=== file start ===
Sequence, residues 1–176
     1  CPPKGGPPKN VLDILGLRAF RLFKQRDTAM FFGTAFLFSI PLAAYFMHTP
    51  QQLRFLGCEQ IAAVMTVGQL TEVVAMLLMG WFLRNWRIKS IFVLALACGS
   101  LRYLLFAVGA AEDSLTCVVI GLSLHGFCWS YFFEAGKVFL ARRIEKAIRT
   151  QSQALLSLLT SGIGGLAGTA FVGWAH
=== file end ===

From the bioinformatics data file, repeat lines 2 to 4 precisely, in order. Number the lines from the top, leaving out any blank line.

     1  CPPKGGPPKN VLDILGLRAF RLFKQRDTAM FFGTAFLFSI PLAAYFMHTP
    51  QQLRFLGCEQ IAAVMTVGQL TEVVAMLLMG WFLRNWRIKS IFVLALACGS
   101  LRYLLFAVGA AEDSLTCVVI GLSLHGFCWS YFFEAGKVFL ARRIEKAIRT